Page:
Energy Systems Operation under Uncertainty#

Part of a series: Uncertainty in Future Energy Systems.

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Demand response of industrial processes#

In Germany, industry consumes about a third of the total produced energy [Energiebilanzen, 2021]. Flexible industrial processes can adapt their production load and energy consumption in a so-called demand response [Zhang and Grossmann, 2016], and, hence, adjust their energy demand to the current energy supply in the electricity grid. Demand response is incentivized by time-changing electricity prices, leading to an over-production in low-priced hours and an under-production in high-priced hours. Overall, demand response can lower the electricity cost of flexible industrial processes and help to balance the power grid. Demand response is particularly interesting for energy-intensive processes for which electricity is a major cost factor.

Scheduling optimization#

The operation of an industrial processes can be determined by means of numerical optimization. In scheduling optimization, scheduling-relevant decisions are determined such that an objective function, e.g., the electricity cost or carbon emissions, is minimized while ensuring the operability and safety of the process. For the optimization, scheduling-relevant characteristics must be considered such as process oversizing, minimal part-load, product storage capacity, ramping limitations, shutdown capabilities, and efficiency losses at off-design operation [Germscheid et al., 2022, Schäfer et al., 2020]. These process characteristics can be described numerically by a set of equations and constraints.

A simple scheduling optimization can be set up as follows:

\[\begin{split} \begin{equation} \begin{aligned} \underset{p_t}{\text{ min }} \sum_{t =1}^T c_t p_t &\\ P_{min}\leq p_t \leq P_{max} &\quad \forall t\in \{1,...,T\} \\ -R_{max}\leq p_{t+1}-p_{t}\leq R_{max} & \quad\forall t\in \{1,...,T-1\} \end{aligned} \end{equation} \end{split}\]

Here, the total operation cost over \(T\) time steps is minimized. The optimal electricity purchase \(p_t\) is determined given the cost of electricity at different time steps \(c_t\). The process considers oversizing \(P_{max}\), minimal part-load capacity \(P_{min}\), and ramping limitations \(R_{max}\) from one time step to the next.

Operation under uncertainty#

For the operation of an industrial process, uncertainties considering electricity supply, product demand, and energy prices have to be taken into account. The uncertainty can affect both the objective function and the model constraints, e.g., the cost function and the operational constraints due to oversizing, minimal part-load and ramping in the example above. Hence, constraints may have to hold for a probability distribution and the objective function may describe a probability distribution. Methods that can tackle the uncertainty in optimization problems are chance constraint optimization, robust optimization, risk-neutral stochastic programming, and risk-averse stochastic programming. Chance constraints allow for constraint violation with a certain probability. For example, an on-site electricity generator with uncertain production level, e.g., wind and solar energy, may supply electricity to an industrial process in 90% of the time to ensure a certain level of self-sufficiency. In contrast, robust programming does not allow for any violation of constraints and, thus, ensures feasibility and operability for all realizations of the uncertain parameter. For example, the national power grid with uncertain supply and demand must be functioning at all times calling for robust decisions regarding the electricity distribution and generation. For stochastic programming, the probability distribution is optimized by considering statistical measures. For risk-neutral stochastic programming, the expected cost of the objective function is optimized. In contrast, risk-averse stochastic programming tackles risk associated to a set of worst-case scenarios by optimizing a risk measure such as the Conditional Value-at-Risk that is the expected cost of the (1-alpha) probable worst-case scenarios. For example, stochastic programming can be used to tackle electricity price uncertainty in scheduling optimization, see, e.g., [Germscheid et al., 2022].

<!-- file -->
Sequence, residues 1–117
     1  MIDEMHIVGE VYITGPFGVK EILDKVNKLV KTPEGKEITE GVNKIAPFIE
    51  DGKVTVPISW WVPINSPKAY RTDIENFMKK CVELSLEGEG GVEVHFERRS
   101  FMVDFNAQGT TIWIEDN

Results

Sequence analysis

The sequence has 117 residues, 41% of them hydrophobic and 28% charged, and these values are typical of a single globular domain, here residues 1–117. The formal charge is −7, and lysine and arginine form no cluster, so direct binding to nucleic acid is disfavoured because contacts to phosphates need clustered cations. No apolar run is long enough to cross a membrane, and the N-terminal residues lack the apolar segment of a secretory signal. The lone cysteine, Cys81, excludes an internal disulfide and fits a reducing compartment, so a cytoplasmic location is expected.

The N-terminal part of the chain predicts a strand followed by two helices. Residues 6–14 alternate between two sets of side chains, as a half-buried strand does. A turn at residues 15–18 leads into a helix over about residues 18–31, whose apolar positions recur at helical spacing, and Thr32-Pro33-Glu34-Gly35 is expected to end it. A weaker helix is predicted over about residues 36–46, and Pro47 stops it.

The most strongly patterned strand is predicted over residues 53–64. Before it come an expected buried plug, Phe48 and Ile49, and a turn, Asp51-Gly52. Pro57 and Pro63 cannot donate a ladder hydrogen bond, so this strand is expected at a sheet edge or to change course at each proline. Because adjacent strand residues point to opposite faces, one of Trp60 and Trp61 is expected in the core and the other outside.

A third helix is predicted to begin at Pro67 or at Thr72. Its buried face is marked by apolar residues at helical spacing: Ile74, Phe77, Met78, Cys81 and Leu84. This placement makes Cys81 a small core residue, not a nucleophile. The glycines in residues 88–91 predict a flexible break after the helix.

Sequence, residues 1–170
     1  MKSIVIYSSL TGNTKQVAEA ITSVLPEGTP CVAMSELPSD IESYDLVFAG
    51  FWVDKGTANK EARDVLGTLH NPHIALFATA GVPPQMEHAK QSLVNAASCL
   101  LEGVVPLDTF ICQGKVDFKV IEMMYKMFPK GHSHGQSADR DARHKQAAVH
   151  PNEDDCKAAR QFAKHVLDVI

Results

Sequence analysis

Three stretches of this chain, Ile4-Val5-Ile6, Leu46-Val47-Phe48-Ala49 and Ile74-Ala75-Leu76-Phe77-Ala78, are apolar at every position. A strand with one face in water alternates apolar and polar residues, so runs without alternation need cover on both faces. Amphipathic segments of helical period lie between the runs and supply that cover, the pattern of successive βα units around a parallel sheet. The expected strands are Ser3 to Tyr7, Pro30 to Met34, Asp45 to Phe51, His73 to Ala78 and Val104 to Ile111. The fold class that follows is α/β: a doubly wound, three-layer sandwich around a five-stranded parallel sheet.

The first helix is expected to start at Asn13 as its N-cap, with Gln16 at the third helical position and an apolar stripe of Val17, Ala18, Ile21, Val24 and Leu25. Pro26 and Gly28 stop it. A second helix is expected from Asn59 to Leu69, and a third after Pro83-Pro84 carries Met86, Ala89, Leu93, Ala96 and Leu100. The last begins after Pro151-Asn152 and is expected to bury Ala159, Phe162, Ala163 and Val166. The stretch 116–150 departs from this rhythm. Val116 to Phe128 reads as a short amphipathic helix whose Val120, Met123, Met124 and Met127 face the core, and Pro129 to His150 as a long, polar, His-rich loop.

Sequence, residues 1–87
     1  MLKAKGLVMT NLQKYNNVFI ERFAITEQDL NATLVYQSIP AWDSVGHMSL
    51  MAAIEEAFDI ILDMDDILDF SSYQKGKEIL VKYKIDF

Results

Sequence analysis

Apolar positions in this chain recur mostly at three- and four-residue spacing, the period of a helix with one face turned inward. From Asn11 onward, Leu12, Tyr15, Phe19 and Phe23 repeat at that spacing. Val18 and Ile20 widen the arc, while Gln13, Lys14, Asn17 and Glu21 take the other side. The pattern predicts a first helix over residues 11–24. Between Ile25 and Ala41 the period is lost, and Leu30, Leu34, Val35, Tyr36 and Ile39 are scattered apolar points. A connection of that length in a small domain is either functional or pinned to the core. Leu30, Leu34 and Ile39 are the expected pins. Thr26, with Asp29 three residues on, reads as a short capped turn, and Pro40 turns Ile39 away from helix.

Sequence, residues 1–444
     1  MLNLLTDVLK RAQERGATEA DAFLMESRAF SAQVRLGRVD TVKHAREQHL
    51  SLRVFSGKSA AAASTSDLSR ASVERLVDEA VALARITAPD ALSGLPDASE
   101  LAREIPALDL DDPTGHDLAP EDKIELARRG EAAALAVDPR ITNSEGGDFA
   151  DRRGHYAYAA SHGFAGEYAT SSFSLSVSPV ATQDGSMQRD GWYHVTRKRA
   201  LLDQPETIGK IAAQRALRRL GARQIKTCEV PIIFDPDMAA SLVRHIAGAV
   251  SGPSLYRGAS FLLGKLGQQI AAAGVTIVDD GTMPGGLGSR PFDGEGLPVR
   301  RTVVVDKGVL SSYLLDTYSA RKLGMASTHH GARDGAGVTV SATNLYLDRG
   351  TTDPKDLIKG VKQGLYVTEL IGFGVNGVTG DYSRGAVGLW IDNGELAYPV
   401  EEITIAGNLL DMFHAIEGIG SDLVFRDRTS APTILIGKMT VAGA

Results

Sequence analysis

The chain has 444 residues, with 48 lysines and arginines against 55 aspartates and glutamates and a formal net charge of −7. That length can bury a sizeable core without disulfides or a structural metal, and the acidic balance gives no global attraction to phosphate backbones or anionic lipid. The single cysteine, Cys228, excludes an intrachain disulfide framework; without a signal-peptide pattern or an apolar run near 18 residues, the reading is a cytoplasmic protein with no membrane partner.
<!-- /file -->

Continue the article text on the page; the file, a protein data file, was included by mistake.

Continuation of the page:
Challenges of optimization under uncertainty#

Optimization under uncertainty is connected to several challenges. The uncertain parameter can be described by a set of scenarios, i.e., realizations of the uncertain parameter. Suitable scenario generation and validation methods need to be used. Furthermore, optimizing under uncertainty is connected to a high computational effort calling for both scenario reduction methods, see, e.g., [Heitsch and Römisch, 2003], and decomposition approaches, see, e.g., [Benders, 1962, Carøe and Schultz, 1999, Rockafellar and Wets, 1991, Van Slyke and Wets, 1969]. Finally, the benefit of considering uncertainty in the optimization has to be shown by evaluating, e.g., the metrics value of stochastic solution and expected value of perfect information [Birge and Louveaux, 2011].



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Pascal Schäfer, Torben M. Daun, and Alexander Mitsos. Do investments in flexibility enhance sustainability? A simulative study considering the German electricity sector. AIChE Journal, 66(11):1–14, 2020. doi:10.1002/aic.17010.


Qi Zhang and Ignacio E. Grossmann. Planning and Scheduling for Industrial Demand Side Management: Advances and Challenges. In Alternative Energy Sources and Technologies, pages 383–414. Springer International Publishing, 2016. doi:10.1007/978-3-319-28752-2_14.


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Sonja Germscheid


Philipp Böttcher

Manuel Dahmen